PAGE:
In a world where there are currently fewer than 4,000 wild tigers, which live in human-dominated landscapes throughout most of their range, dealing with human-tiger conflict is part and parcel of any conservation efforts for this big cat species.
Human wildlife conflict is about resource sharing and managing expectations between different groups of people when wildlife impact on their daily living. Even charismatic lemur species can cause such rifts.
Africa is perceived to be synonymous to wild lands and wildlife but in reality, very few countries in Africa still boast of a vibrant wildlife haven.
As populations grow, humans are competing with other species for land, water and even other resources, creating tensions and sometimes even resulting in death. There are solutions to reducing such conflicts. Dr. Alexandra Zimmermann, Chair of IUCN SSC Human Wildlife Conflict Task Force explains.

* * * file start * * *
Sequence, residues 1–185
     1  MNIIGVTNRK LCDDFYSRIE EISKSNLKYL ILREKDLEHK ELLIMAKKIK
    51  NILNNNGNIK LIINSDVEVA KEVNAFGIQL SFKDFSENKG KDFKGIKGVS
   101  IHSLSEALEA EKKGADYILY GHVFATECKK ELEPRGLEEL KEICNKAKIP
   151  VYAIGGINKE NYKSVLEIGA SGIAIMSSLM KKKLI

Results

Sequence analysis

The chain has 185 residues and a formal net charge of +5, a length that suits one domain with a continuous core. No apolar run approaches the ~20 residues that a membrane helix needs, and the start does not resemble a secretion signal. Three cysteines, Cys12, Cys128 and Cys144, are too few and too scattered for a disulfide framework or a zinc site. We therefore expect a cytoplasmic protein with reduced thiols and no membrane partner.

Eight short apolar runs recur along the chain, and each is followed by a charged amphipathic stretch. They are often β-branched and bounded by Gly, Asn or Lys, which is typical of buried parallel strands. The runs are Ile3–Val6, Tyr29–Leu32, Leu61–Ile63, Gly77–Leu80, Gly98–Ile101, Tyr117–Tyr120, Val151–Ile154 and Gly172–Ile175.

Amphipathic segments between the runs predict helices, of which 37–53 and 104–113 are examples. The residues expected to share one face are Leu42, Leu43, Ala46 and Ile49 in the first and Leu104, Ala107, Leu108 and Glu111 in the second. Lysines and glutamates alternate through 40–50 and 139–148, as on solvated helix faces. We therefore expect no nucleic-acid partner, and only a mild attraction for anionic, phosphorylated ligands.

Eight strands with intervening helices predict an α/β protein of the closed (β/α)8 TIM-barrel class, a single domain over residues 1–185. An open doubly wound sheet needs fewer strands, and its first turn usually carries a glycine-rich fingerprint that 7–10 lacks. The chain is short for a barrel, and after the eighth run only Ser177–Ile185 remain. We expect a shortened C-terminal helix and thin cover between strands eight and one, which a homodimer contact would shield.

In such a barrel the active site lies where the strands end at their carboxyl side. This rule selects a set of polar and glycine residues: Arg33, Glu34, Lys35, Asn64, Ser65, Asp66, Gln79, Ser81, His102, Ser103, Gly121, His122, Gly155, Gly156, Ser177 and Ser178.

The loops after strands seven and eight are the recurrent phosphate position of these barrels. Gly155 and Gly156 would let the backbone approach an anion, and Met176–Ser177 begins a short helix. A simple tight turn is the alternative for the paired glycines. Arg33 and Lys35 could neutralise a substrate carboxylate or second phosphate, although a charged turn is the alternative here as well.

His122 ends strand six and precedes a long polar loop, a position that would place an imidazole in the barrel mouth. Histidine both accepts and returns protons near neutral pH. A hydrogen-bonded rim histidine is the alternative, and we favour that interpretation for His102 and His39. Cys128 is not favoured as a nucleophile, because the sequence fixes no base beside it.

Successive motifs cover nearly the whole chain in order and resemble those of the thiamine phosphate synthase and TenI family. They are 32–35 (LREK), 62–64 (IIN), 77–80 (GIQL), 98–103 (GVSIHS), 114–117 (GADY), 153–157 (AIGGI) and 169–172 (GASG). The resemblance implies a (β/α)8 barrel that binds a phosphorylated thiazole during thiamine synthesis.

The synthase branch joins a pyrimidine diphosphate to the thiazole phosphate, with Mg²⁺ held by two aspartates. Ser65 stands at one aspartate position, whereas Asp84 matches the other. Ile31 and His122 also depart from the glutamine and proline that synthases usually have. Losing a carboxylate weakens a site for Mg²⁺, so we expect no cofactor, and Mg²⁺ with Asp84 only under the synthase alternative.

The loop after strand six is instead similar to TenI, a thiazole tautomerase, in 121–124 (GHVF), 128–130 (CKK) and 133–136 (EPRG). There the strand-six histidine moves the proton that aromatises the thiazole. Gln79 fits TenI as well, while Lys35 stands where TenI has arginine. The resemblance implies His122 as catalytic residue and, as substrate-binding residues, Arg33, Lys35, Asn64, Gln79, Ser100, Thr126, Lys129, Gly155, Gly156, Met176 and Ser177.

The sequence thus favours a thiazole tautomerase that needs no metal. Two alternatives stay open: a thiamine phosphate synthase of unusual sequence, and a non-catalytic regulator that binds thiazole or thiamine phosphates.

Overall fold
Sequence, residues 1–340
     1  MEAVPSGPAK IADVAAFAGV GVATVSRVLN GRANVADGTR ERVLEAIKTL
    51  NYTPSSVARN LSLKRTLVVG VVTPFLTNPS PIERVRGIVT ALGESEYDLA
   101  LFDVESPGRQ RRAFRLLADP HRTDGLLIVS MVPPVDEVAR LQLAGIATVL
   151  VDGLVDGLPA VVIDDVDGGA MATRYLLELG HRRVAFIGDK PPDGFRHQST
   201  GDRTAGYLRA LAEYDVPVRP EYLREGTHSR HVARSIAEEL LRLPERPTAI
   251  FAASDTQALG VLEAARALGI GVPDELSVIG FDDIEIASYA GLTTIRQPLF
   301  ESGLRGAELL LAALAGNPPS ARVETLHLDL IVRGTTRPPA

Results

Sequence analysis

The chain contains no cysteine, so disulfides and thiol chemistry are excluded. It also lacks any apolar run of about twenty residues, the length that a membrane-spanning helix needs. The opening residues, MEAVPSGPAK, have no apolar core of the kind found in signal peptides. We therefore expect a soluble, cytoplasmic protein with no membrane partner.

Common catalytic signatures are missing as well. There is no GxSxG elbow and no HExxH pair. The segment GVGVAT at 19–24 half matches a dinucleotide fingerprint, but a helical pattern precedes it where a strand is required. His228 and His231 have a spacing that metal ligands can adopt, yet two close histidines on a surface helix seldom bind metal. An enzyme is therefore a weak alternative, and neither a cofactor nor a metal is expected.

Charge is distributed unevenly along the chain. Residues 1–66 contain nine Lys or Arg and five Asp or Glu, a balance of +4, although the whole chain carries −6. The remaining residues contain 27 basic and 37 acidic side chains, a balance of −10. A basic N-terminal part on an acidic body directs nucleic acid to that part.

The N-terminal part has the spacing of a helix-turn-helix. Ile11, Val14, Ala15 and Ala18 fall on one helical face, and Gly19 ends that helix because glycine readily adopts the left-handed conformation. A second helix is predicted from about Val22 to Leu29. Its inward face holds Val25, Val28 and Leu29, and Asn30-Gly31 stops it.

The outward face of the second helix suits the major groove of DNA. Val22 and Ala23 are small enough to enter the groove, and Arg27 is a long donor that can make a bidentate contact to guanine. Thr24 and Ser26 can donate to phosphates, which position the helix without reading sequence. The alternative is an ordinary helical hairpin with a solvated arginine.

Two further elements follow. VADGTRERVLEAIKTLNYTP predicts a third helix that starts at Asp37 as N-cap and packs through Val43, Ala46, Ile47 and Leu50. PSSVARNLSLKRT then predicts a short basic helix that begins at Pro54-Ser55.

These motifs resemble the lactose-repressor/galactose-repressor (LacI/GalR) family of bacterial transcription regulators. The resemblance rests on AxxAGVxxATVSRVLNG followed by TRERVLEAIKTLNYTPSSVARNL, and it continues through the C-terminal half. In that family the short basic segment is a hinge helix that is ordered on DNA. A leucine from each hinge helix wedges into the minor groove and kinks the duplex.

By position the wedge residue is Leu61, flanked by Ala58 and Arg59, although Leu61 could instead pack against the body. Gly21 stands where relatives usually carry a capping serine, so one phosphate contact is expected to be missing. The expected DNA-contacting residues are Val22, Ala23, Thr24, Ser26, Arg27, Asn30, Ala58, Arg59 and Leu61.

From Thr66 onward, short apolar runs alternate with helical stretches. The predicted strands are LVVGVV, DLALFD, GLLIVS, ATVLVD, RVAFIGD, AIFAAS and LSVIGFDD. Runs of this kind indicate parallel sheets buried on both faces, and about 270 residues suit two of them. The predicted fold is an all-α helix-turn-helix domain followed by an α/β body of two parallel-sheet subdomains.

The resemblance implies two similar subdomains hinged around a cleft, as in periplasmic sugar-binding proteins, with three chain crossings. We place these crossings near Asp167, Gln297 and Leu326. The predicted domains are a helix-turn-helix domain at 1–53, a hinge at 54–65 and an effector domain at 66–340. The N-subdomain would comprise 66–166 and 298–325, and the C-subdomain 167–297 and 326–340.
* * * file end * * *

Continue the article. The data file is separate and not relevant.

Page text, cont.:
The IUCN Integrated Tiger Habitat Conservation Programme (ITHCP) has supported the creation of the recently inaugurated Holematthi Nature Information Centre near Malai Mahadeshwara Wildlife Sanctuary (MMWS), India. On-the-ground work has been carried out by the Nature Conservation Foundation, an ITHCP grantee.